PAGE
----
Lies_My_Teacher_Told_Me_
This book, published almost 25 years ago and republished twice since, drew the curtain back on how young Americans were–and are–systematically lied to about their country’s history and its role in the world.

American High School History Classes Teach Mythology

In 1995 American sociologist James W. Loewen published Lies My Teacher Told Me, an essential book that illuminates the indoctrination that passes for education in American high school history classes. The book was so important that updated versions have been published twice since then.

Loewen’s methodology was simple enough: buy a dozen of the most popular textbooks of American history for 11th-grade high-school students, meticulously analyse each one of the books, compare them, evaluate them, and place them on the history-mythology continuum.

The results of this analysis reveal that mythology wins. The first priority of all these seminal books in the formation of young American minds is to foment “traditional American values,” not to teach the unvarnished facts of history.

Goodreads.com has this to say:

Marred by an embarrassing combination of blind patriotism, mindless optimism, sheer misinformation, and outright lies, these books omit almost all the ambiguity, passion, conflict, and drama from our past.

Racism, for example, is not mentioned in any of them. Slavery, in particular, was the driving force behind major events like the Louisiana Purchase and the Civil War. Loewen points out that, “as long as history textbooks make white racism invisible, neither they nor their students who use them will be able to analyze race relations intelligently.”

No Warts on America

Why do textbooks promote wartless stereotypes?” asks Loewen. “The authors’ omissions and errors can hardly be accidental.” He then chooses two paradigmatic figures from American history to illustrate his point: President  Woodrow Wilson, the 28th US commander in chief, and the remarkable blind and deaf humanitarian, Helen Keller. Wilson is known, and enters into high-school history books, as the altruistic promotor of the post World War I League of Nations and for his 14-points declaration which included  proposals to ensure world peace in the future, open agreements, arms reductions, freedom of the seas, free trade, and self-determination for oppressed minorities. Wilson even suggested that there would be another world war within a generation should the U.S. fail to join the League. Woodrow was quite the statesman and diplomat.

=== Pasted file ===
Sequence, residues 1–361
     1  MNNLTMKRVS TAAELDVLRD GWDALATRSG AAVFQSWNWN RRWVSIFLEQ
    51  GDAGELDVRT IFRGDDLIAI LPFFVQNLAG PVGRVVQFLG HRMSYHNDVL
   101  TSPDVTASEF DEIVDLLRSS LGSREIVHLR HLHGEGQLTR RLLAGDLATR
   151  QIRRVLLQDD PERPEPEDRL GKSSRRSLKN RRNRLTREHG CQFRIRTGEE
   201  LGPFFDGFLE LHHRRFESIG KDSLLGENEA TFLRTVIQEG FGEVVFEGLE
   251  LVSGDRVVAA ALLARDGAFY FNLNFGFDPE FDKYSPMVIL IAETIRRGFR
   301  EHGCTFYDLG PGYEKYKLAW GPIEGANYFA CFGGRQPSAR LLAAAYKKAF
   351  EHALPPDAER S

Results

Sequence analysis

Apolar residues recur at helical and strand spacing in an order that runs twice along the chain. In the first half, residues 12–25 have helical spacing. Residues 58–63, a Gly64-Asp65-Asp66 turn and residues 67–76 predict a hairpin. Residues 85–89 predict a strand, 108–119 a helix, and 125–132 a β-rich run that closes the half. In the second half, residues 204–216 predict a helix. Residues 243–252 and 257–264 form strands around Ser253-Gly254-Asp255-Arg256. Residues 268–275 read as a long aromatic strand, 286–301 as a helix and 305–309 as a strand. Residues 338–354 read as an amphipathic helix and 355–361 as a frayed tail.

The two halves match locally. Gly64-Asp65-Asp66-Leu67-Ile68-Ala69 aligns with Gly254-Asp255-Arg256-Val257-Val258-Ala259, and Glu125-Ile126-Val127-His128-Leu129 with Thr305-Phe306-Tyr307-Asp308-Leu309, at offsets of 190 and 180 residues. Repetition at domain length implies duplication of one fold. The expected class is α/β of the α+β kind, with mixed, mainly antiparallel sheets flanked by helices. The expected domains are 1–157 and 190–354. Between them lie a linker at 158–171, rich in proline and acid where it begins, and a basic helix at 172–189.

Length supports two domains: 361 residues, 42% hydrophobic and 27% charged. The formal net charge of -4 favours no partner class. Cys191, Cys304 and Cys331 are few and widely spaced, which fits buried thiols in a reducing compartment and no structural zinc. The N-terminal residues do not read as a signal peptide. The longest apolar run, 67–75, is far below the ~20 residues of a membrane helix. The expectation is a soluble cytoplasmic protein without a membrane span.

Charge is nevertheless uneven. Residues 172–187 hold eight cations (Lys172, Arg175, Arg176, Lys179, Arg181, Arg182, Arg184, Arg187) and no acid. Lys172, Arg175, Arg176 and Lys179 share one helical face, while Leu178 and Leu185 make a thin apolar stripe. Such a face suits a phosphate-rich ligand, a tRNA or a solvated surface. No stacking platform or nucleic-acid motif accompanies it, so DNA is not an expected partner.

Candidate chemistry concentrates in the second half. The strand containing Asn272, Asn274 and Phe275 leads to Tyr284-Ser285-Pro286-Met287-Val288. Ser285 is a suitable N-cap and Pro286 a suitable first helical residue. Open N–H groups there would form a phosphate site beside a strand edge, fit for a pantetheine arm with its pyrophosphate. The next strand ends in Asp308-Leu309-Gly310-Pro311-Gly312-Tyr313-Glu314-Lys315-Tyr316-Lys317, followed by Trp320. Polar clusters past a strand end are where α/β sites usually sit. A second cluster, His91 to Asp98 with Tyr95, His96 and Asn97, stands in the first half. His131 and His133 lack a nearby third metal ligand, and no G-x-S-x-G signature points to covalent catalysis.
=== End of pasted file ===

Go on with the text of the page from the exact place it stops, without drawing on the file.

President Wilson’s Sinister Side

What few US high school history books mention is that Wilson was authoritarian and racist at home, having promoted the Espionage Act of 1917 and the Sedition act of 1918, which Loewen refers to as “probably the most serious attacks on the civil liberties of Americans since the short-lived Alien and Sedition Acts of 1798.” Wilson, with his persecution of progressive causes–he promoted the notorious Palmer Raids against left-wing unions–and foreign interventions, paved the way for McCarthyism, the Patriot Acts,  and the disastrous invasions of Iraq. Under Wilson the US intervened in Latin America more often than at any other time in American history. Loewen cites an article published in the Saturday Evening Post in 1919, “After World War I, the Wilson administration’s attacks on civil liberties increased, now with anti-communism as the excuse. Neither before nor since these campaigns has the United States come closer to being a police state.” That was in 1919. Much “progress” has been made in the advancement of the American police state since then and we’re seeing the results of that progress on American streets today.

Helen Keller Was Much More

Helen Keller, Loewen’s other example, is portrayed in the history books as an admirable case of individual victory against tremendous odds, an American success story. Her activities recorded for American high-school students are limited to her remarkable educational achievements and her charitable work. But Keller’s life was much more remarkable than that. Loewen recounts:

She was a radical socialist. She joined the Socialist Party of Massachusetts in 1909. She had become a social radical even before she graduated from Radcliffe and not, she emphasized, because of any teachings available there. After the Russian Revolution she sang the praises of the new communist nation. ‘In the East a new star is risen!’ Gradually she moved to the left of the Socialist party and became a Wobbly, a member of the Industrial Workers of the World (IWW), the syndicalist union persecuted by Woodrow Wilson.

Inexplicably, none of this information made it into any history texts for American students.

The Shining City on the Hill,Champions of Self Deception

“The land of the free and the home of the brave…” begins to sound a little shopworn after watching children, forcefully separated from their families, imprisoned in wire cages on the evening news. As for “bravery,” that’s hard to detect in killer operations conceived in the White House, launched from underground bunkers in the Nevada desert by expert computer gamers and destined to take out terrorists, along with their mothers and children, their cousins, neighbors and the milk man on dusty streets of impoverished Middle Eastern countries. Emma Lazarus’ poetic fragment from the Statue of Liberty, “Give me your tired, your poor, your huddled masses yearning to breathe free…” sounds like empty claptrap in a country that is more concerned with “free” markets than free people. But those distinctions elude most Americans today. To them “fraydom is fraydom,” whether delivered by lies or by drones.

The United States Armed Forces are there to safeguard those fraydoms. But there are some anomalies in that, too. Recently there was some talk inside the Trump administration of renting out American military units to the Saudis. Seen from a shrewd businessman’s point of view the deal would permit the US to recover some of their investments in “national security,” but they might have trouble explaining it to the mothers of American military personnel killed and maimed over there. In former times those deaths could be explained away as “in defense of American democracy” or “protecting the American homeland” but what American mother would sell her son’s or daughter’s life in defense of Saudi oil wells, war on Yemen, and bone saws?